We've been exploring what you need to know when you approach a book contract. Here are five more questions to ask…
11. Are there restrictions on the sale of the contract? Check to see if your publisher has the right to sell the entire deal to another house. This doesn't happen often, but it can happen, especially with smaller houses, and you need to be aware of the possibility. It would mean you go through the entire process of negotiating a deal with one house, then suddenly you find yourself working with another house. I once had a sleaze-ball publisher sign a well-known personality to a book, then immediately start shopping the contract… In other words, he never had any intention of publishing the book; he just wanted to sign a lowball deal and flip it to a bigger house. (This is something he admitted to me, but denied to the author. Mr. Sleazeball is now an agent, by the way.)
12. If it all goes south, who pays for the lawyers? Remember that a contract is put in place to clarify two things: what will happen if everything goes well, and what will happen if everything goes to hell. A good contract covers both scenarios. In case of the latter, check to see who covers the cost of the lawyers. True story: A short while back I was sent a contract that called for the publisher to pick the lawyer, but the author to pay for it. Um… we suggested a minor wording change to keep the author from getting hosed.
13. Does your contract clarify what constitutes "out of print"? It should be simple: When the publisher is no longer selling your book, it's out of print. Don't get caught up in windy explanations of why publishing-on-demand titles constitute a book for sale. (Years ago, I worked on a deal where a publisher claimed a popular author's book was still "in print" because they still were offering an audio version to libraries, so they still controlled rights.) Get a clear definition that includes having regular books commercially available. This has gotten much more complicated since ebooks became popular, so you're going to have to figure out if a digital book qualifies. Most publishers will say it does… so WHEN do you have a chance to actually get those rights reverted? Possibly never. So read your contract carefully.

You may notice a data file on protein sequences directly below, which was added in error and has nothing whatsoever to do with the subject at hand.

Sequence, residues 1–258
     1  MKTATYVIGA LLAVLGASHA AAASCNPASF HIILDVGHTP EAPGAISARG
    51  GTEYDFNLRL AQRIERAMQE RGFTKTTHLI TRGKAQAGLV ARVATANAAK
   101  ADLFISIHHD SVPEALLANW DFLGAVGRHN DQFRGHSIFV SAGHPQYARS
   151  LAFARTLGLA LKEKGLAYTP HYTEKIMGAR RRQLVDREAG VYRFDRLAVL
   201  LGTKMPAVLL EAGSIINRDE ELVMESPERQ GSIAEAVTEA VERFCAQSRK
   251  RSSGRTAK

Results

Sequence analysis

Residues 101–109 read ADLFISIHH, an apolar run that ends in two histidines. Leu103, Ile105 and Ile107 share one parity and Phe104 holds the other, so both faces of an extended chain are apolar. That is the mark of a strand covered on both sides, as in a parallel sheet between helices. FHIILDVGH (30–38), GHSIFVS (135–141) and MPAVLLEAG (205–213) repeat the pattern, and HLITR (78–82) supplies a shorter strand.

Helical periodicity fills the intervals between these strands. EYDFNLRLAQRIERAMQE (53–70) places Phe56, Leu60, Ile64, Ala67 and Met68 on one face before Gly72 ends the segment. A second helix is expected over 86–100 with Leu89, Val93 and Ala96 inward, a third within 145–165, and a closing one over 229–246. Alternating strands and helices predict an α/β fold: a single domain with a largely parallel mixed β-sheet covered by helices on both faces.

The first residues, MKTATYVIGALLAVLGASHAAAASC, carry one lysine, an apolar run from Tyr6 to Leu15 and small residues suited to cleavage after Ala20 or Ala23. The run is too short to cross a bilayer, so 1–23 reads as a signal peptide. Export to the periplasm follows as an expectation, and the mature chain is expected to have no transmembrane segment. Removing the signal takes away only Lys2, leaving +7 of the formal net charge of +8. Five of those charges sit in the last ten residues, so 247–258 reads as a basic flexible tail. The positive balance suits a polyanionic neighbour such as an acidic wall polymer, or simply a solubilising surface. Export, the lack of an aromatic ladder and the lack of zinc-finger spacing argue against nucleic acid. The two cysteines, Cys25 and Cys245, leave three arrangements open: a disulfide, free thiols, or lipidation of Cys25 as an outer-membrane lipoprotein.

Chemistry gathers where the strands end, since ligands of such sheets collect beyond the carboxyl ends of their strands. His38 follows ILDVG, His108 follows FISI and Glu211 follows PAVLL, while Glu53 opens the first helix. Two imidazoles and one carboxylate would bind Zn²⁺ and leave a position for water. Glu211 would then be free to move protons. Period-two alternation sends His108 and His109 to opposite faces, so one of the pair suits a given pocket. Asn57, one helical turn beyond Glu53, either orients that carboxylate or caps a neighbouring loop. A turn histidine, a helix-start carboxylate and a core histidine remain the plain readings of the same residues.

14. Does your contract have an option clause? There are various forms of options — everything from "you promise us your next book" to "we'd like you to give us a first look at your next one." Options aren't necessarily evil (they can reveal a commitment on the part of the publisher to an author's career), but you should know the risks and rewards of a proposed option clause. (True Item: In days of yore, one publisher used to insert an option clause that promised two books for every one you published… so an author could never actually get out from under the contract. For every book he wrote, he owed two additional titles. Ugh. That's no longer the case at that house, by the way.)
15. Is this a perfect contract? The answer, for those who aren't sure, is "nope." In a perfect world, you'd get a perfect contract. But, in case you haven't been paying attention to the war in Afghanistan and the Republican primaries, we don't live in a perfect world. So while you'll sometimes hear people make declarations about all contracts (things like "You should NEVER sign a multi-book deal!" and "I MUST have approval of my cover!" and "I would NEVER allow them to cross collateralize my contract!"), be aware that a contract is a negotiated settlement. You ask for some things, you give up other things. That's the nature of the business. Every good agent understands that. And it's why you might be best served having somebody negotiate on your behalf. Nobody gets everything they want, so learn to compromise and you'll find yourself more at peace with the process. If you approach a book contract as a sort of partnership between author and publisher, rather than as a battle to be won, you'll be happier with the results. I'll talk more about how to negotiate a contract next week.